Pie-deology: Pie makes people happy

Barbra Streisand likes the lemon meringue pie in the Ms. American Pie cookbook.

Dick Van Dyke likes the strawberry rhubarb one.

And Steven Spielberg favors coconut cream pie.

The Ms. American Pie author, Beth M. HowardHoward shared some lessons she has learned in her pie baking along the way and even gives some favorites to win state fair contests.

The cookbook is a reminder that through it all, there is happiness around every corner, and if you’re looking for that extra nudge to move forward, that springboard to launch you to the next level, it’s always best to start with pie.

Her pie-deology is that pie builds confidence, builds and supports community, is not about politics, knows no cultural or geographical boundaries, connects people and is nostalgic.

In an example of building community, after the December 2012 Newtown, Conn., shooting, she baked 250 pies to hand out on the streets. “Strangers came together to lend a helping hand to a grieving community and lifelong friendships were formed between the Newtown residents and those who came to help as a result of the volunteer pie-making and pie-giving efforts,” she said.

“Pie makes people happy, and happy people make the world a better place,” Howard said.

Noted in the cookbook is that pilgrims made pie, pioneers made pie, great-grandmothers and grandmothers made pie. Present-time bakers make pie baking complicated. When the older generation made pie, they used fruit, sugar and pie crust. They didn’t throw in ginger, amaretto, caramel sauce, grated orange peel and other ingredients.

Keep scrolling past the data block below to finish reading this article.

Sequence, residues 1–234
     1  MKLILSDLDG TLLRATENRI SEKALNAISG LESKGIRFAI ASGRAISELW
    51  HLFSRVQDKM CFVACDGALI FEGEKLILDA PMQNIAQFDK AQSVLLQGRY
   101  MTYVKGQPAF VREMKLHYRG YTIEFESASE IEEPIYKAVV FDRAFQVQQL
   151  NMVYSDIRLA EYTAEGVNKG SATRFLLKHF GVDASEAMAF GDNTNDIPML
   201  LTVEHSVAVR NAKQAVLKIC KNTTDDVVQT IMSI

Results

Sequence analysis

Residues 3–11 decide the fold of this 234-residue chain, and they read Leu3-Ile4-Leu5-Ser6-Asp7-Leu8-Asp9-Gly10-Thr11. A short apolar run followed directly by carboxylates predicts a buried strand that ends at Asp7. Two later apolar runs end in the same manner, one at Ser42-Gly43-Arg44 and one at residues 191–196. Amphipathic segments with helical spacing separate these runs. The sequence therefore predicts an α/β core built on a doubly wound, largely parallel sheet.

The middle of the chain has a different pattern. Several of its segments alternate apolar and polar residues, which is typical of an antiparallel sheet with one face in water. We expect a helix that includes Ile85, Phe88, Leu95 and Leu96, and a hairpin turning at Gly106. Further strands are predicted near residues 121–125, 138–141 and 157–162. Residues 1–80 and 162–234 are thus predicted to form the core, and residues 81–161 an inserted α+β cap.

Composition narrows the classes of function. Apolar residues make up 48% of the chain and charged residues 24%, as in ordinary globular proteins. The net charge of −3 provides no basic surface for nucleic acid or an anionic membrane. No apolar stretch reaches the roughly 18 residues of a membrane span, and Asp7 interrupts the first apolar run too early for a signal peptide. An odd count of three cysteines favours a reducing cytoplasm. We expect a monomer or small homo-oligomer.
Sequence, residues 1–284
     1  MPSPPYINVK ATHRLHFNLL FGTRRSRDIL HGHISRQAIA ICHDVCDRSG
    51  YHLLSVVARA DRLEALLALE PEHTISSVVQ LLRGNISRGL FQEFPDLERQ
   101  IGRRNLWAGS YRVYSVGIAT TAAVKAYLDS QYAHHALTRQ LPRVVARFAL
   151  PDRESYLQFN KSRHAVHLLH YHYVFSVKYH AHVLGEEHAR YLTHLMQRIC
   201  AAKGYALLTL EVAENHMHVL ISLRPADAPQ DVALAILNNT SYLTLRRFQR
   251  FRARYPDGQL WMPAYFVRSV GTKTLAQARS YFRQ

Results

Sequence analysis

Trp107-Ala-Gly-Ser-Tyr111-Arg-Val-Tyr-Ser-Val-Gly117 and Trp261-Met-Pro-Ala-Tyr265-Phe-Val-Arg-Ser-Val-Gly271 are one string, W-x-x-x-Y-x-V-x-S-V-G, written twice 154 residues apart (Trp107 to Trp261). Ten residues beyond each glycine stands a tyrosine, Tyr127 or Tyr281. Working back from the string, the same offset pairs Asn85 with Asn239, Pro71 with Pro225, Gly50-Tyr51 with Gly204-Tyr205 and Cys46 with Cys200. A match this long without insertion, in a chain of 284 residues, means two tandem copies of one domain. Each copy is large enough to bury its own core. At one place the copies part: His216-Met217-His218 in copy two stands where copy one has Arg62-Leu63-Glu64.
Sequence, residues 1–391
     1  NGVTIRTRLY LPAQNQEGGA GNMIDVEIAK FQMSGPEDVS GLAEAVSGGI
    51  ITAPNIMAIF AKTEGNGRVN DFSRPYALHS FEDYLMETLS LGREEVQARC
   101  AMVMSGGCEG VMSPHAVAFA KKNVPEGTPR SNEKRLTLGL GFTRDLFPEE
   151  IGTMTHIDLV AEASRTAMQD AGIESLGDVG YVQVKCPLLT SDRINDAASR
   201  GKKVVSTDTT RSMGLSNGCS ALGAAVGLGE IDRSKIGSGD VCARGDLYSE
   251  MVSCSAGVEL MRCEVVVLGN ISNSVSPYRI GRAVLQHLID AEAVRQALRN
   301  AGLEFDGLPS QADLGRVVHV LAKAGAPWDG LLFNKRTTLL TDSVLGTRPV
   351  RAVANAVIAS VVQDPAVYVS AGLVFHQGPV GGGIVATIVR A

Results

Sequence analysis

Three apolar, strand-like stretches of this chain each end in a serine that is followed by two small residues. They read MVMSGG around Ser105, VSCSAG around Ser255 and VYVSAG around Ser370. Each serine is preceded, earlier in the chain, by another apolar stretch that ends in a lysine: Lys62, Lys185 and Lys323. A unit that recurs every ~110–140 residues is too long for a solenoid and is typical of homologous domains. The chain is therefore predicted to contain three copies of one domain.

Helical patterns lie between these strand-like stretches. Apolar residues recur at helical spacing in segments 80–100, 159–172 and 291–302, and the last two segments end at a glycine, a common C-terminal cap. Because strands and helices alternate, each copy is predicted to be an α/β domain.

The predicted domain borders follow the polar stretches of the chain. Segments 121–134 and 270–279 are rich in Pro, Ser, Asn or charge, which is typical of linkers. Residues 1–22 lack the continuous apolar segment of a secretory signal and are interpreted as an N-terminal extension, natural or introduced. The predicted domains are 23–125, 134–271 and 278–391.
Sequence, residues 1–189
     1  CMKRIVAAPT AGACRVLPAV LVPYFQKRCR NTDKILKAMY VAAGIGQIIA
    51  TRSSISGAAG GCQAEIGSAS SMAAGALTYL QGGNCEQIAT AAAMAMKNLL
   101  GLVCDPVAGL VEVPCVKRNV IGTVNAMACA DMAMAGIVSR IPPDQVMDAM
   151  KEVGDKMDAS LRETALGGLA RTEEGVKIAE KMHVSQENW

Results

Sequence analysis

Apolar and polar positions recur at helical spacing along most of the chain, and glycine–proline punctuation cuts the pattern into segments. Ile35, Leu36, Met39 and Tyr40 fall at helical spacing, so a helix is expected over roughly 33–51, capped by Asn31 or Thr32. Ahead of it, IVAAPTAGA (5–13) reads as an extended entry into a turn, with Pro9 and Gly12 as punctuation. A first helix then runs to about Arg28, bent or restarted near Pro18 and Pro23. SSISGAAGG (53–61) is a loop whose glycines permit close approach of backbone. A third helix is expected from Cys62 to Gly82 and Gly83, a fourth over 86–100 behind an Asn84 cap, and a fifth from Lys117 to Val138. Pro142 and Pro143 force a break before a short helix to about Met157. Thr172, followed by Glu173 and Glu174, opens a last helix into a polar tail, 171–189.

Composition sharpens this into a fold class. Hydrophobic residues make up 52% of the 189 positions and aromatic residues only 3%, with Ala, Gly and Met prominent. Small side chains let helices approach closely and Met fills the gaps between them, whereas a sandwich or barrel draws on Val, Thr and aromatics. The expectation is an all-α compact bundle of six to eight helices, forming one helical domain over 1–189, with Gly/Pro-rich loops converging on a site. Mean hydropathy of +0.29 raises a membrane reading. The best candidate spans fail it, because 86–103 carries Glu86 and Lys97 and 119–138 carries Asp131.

“One of the myths that has been busted is that refrigerating the dough for 30 minutes makes if roll out better. If you start with chilled ingredients and don’t overwork the dough, it will be as soft as a baby’s bottom and very easy to roll without chilling again,” Howard explained.

“And it does not have to be unsalted butter. Use whatever is in the fridge,” she said.

One of the important things is to start with a hot oven. Starting with an oven that is not hot enough will cause the crust to melt rather than set.

The beautifully crimped edges will sag until they are limp and falling over the edge of the pie dish if the oven is not hot as the recipe directs.

Pecan pie is one of the top five favorites, but this recipes makes an addition that sets it apart from the others. And you will notice, she uses lard in her pie crust. My mother-in-law did this and made the flakiest crust you could ever imagine.

Toffee Pecan Pie


2 cups flour

1/2 teaspoon salt

2/3 cup lard

2/3 cup ice water, use as little as possible


3/4 cup butter (l 1/2 sticks)

1 1/2 cups brown sugar, dark or light

1 teaspoon salt